Ben Carson, retired American neurosurgeon and former candidate for President of the United States, speaking at the Republican National Convention in Cleveland, Ohio, July 19, 2016. Reuters

Ben Carson, President-elect Donald Trump's choice to lead the department of Housing and Urban Development, has clarified that he did not, in fact, live in public housing as a child. Instead, the Cabinet nominee described his mother’s efforts to keep their family out of public housing throughout his childhood as a bid to avoid the so-called "danger" inside government-assisted living spaces.

"Despite what you may have heard from people, she wanted to make sure that we didn't live in public housing" Carson said in a speech on Thursday night to a group of students and faculty at Yale University in Connecticut. "There was a lot danger there, and she wanted to shield us from that danger."

The former neurosurgeon was clarifying an incorrect statement made from a friend in a New York Times article Monday in which Carson’s family was said to have lived in a development owned by the federal agency he’s been picked to lead.

Carson revealed further details this week about his living situation as a child growing up in Boston, noting he thought he wouldn’t live past his mid-twenties. His mother took him and his brothers "to live with relatives in tenements" after divorcing his father, Carson said Thursday night.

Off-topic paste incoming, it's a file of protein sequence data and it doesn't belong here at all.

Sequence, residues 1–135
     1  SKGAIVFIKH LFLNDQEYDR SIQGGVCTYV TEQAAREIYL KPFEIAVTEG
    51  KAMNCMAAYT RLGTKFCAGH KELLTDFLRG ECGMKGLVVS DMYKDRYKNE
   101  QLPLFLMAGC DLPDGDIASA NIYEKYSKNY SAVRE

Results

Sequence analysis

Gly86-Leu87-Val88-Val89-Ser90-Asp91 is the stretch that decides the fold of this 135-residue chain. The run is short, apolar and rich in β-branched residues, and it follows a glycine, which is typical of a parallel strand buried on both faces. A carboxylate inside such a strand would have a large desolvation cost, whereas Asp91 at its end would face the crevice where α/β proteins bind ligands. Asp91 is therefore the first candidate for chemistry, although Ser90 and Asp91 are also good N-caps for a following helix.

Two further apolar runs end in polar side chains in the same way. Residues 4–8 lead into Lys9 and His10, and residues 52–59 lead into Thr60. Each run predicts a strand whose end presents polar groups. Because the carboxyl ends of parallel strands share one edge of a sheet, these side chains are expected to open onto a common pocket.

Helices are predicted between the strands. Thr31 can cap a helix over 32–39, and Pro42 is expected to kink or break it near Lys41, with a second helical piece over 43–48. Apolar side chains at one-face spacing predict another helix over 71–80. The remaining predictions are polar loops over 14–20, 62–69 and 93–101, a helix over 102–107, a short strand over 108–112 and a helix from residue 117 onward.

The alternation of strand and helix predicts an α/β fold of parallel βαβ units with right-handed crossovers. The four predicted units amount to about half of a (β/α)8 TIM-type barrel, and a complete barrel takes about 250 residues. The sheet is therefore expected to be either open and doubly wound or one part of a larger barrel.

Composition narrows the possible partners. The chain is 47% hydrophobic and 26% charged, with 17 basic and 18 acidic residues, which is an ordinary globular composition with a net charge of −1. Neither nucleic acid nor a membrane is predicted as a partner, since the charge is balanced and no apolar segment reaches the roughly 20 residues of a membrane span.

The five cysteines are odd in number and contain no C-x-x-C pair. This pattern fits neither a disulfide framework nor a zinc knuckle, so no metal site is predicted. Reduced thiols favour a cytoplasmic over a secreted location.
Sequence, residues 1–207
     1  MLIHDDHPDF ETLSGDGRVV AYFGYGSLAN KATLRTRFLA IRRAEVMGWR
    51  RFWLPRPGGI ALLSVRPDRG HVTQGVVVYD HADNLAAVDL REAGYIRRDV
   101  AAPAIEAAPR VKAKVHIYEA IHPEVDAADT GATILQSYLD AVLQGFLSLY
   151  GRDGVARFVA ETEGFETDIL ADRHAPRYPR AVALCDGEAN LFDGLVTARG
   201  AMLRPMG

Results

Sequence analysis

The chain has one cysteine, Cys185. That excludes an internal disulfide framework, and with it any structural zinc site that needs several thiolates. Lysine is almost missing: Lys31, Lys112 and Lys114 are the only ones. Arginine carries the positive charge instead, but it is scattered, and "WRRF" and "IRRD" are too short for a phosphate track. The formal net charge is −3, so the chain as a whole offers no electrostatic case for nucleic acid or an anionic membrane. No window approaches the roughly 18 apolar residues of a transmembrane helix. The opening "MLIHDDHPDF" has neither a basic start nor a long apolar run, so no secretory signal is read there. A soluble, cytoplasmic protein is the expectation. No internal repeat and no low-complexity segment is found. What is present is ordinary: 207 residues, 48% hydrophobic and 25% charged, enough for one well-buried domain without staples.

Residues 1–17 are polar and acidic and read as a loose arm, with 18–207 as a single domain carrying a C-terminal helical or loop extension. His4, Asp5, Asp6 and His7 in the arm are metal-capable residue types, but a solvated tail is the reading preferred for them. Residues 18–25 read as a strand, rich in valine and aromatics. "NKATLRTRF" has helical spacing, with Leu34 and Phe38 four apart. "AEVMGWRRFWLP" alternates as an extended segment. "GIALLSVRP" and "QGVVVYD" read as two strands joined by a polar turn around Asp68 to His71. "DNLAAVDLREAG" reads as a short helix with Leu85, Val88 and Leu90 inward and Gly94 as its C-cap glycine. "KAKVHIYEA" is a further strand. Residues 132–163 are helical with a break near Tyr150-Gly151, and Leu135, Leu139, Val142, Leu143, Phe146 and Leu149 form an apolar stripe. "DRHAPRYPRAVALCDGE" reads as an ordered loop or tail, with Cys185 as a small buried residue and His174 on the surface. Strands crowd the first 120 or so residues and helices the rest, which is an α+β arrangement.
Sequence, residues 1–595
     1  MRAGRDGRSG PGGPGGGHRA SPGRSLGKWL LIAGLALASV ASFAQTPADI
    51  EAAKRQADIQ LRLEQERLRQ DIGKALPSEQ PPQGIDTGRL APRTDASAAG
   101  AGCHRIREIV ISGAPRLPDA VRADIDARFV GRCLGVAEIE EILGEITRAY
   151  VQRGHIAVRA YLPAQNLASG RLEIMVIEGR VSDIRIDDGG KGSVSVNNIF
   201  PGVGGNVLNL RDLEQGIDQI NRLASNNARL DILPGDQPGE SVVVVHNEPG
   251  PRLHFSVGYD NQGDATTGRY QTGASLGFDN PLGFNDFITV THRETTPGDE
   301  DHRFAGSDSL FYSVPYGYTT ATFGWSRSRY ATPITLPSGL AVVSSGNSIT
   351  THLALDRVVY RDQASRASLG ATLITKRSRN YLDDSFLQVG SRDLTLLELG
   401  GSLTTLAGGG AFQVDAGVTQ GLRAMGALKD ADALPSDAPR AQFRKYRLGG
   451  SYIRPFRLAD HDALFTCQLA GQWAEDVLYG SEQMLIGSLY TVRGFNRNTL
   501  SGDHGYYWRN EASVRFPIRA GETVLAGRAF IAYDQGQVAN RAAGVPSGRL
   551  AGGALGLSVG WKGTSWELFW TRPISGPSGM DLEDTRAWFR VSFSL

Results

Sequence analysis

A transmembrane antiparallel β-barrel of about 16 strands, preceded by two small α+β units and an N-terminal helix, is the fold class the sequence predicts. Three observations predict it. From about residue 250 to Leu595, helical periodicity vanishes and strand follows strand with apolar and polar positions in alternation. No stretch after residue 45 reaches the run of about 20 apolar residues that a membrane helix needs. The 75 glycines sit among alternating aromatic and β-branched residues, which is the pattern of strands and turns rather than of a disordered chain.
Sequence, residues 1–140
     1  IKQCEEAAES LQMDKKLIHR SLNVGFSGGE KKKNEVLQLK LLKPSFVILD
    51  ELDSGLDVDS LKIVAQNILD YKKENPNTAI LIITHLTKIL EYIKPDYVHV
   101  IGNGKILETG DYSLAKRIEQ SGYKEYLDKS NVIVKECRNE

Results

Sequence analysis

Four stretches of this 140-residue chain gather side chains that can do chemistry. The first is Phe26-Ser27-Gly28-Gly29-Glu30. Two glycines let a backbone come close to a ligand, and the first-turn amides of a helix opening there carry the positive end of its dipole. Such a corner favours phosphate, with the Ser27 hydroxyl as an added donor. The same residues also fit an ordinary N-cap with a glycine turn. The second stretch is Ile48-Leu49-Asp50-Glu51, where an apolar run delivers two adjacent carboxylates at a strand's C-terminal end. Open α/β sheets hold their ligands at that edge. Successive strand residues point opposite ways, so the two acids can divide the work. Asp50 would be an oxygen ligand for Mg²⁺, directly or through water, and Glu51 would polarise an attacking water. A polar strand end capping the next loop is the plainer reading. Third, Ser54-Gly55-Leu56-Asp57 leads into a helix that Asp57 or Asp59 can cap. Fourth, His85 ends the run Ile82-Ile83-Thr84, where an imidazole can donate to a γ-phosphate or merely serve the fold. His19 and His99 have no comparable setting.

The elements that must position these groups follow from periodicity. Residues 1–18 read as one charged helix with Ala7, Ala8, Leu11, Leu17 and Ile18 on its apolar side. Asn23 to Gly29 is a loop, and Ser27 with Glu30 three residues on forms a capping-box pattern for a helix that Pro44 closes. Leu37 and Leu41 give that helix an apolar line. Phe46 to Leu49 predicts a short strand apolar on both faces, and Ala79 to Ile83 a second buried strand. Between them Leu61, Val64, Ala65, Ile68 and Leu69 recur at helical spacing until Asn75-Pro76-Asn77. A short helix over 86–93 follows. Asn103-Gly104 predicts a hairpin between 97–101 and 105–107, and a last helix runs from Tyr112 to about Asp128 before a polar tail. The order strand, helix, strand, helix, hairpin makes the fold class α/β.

"There was pretty horrendous violence ... gangs, broken glass, and boarded up windows and doors, murders — I had two cousins who were killed," Carson said. "I remember as a 9-year-old kid, sitting on the ghetto stairs, looking to the building across the street, out of which all the windows had been broken. And there was a sunbeam shining through, and it made me think about my future. And I remember thinking I probably won't make it to 25."

Carson’s latest comments came as Democrats and Republicans spar over whether the former GOP presidential candidate, who has never held elected office, is qualified to lead the billion-dollar federal agency. Democratic Minority Leader Nancy Pelosi described Carson as "disconcerting and disturbingly unqualified," writing "there is no evidence that Dr. Carson brings the necessary credentials to hold a position with such immense responsibilities and impact on families and communities across America" in a statement posted to Twitter Monday.

That critique was met with immediate backlash from Trump’s allies in D.C., including Gov. Mike Huckabee, who wrote on Twitter: "Fancy Pelosi says he’s not qualified; is she racist or just dumb?"

Meanwhile, Carson is expected to accept the president-elect’s nomination for secretary of Housing and Urban Development, though he reportedly had no interest in serving in Trump’s cabinet just a few weeks ago. "Dr. Carson feels he has no government experience, he's never run a federal agency," the former presidential candidate’s longtime aid Armstrong Williams told the Hill on Nov. 15. "The last thing he would want to do was take a position that could cripple the presidency."